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Sunday, July 8, 2018

The Prophetic Call

Sermon by Fr. Joseph Mungai, FMH
14th Sunday of Ordinary Time, July 8, 2018 
St Francis Hospital, Roslyn, New York

On this fourteenth Sunday, we rejoice in the spirit of prophecy and faithful witness to Christ. Although, the exercise of this mission does not bring us comfort, we must continue to exercise it. This is because, the grace of God is sufficient for us, and makes us strong.

As I reflected over today’s readings (Eze: 2:2-5; Ps: 123:1-2, 2, 3-4 2; Cor 12: 7-10; Mk: 6:1-6), I recalled an encounter I had with someone some time ago. After admonishing her for acting wrongly, she simply turned to me and said: “Sorry Father, do you think you can change me?" Then, she walked away.
However, after few months, she came to apologize and to thank me for helping her transform her life.

As ministers and prophets, we encounter such resistance, insults and discouragements every day. They are the icings on our cake. Yet, we are here every day: “Be ready to accept more discomfort for my sake, for the gospel and, for the good of your generation!”

Fr. Joe Mungai and his congregation in Africa
Like Ezekiel, we all have a prophetic call and mission from God. The question is, where is this mission and, how do we begin it? Quite simple! There is mission everywhere today. There is prophetic mission in our rebellious generation, in our families, in our communities, and in our streets, work places, schools, and in the world at large.

There is much rebellion in our time against God, against nature, against divine institutions (the church), and against the fabrics of our moral, social and cultural heritage. So, God speaks to us today as he spoke to Ezekiel in our first reading:
“Son of man, I am sending you… to the rebels who have turned against me.” So, we must be that voice that cries against injustice, oppression, immorality, corruption and ungodliness.

In the second reading, Paul describes his burden for the sake of the gospel. This burden was like a thorn in his flesh. For Paul, the burden includes:
“insults, hardships, persecutions, loneliness and agonies." They were
his cross as a prophet. Unfortunately, these are things we do not want to experience. This is because, we do not want any discomfort and because, we want everyone to like and, to say only good things about us.

So, even when things are going wrong under our watch and nose, we are afraid to speak out. Our attitude is that of: “Please, let the sleeping dog lie, so that I can have my peace.” I do not want to hurt anybody. I do not want to lose him or her. Unfortunately, the truth is that if you do not correct or help him or her today, tomorrow you will lose him or her forever.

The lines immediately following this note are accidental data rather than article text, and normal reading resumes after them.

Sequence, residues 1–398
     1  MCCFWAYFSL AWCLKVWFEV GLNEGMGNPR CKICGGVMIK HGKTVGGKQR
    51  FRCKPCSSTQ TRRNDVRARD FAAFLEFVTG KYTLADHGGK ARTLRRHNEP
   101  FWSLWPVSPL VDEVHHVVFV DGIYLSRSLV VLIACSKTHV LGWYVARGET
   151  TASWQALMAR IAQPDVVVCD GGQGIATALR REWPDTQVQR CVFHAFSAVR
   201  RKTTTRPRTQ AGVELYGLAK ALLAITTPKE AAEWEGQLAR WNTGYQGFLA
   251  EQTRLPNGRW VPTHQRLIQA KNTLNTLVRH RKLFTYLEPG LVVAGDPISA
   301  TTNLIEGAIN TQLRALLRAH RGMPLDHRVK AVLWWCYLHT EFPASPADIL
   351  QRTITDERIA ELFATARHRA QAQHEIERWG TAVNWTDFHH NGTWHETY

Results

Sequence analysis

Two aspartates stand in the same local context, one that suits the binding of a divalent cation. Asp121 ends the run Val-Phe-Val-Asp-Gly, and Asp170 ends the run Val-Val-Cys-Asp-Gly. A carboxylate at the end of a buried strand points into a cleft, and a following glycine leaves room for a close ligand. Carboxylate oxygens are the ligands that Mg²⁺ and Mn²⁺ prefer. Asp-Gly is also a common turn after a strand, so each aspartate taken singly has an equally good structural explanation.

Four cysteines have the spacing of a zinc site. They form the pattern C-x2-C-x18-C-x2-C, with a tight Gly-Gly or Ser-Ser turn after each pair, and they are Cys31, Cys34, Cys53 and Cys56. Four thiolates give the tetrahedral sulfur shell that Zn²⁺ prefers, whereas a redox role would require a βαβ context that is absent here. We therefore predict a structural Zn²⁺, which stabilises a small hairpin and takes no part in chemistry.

God saw this same fear in Jeremiah and said to him:
“Get ready Jeremiah; go and tell them everything I command you to say. Do not be afraid of them or I will make you even more afraid of them” (Jer 1, 17). The truth is that these are burdens we must bear as Christians if our society must be safe. We must not be afraid because the grace of God is sufficient for us. So, if we are willing, God will fill us with his grace.

In the gospel, Jesus was filled with this grace and spoke fearlessly. Of course, he got his own share of insults. They ridiculed him, called him names like:
“The son of a mere carpenter.” They called him an illiterate, and a rebel. In spite of all these, he was not discouraged. Instead, he continued to preach and heal his generation.

We must not be afraid to carry out our prophetic ministries in spite of the odds against us. Rather, we are to bear them

patiently so that good might triumph over evil, truth over lie, light over darkness and, peace over war. “Where there is no [prophetic] vision the people perish.” (Prov 29:18). We are all called to be that visionary prophet to our ailing generation.
Peace be with you!
I wish you all a grace filled Sunday!!

May the Light of Christ who is our peace and salvation be always with you. Amen.

Fr. Joe Mungai raising money to get water to his village in Africa. Please read A Deep Down Thirst

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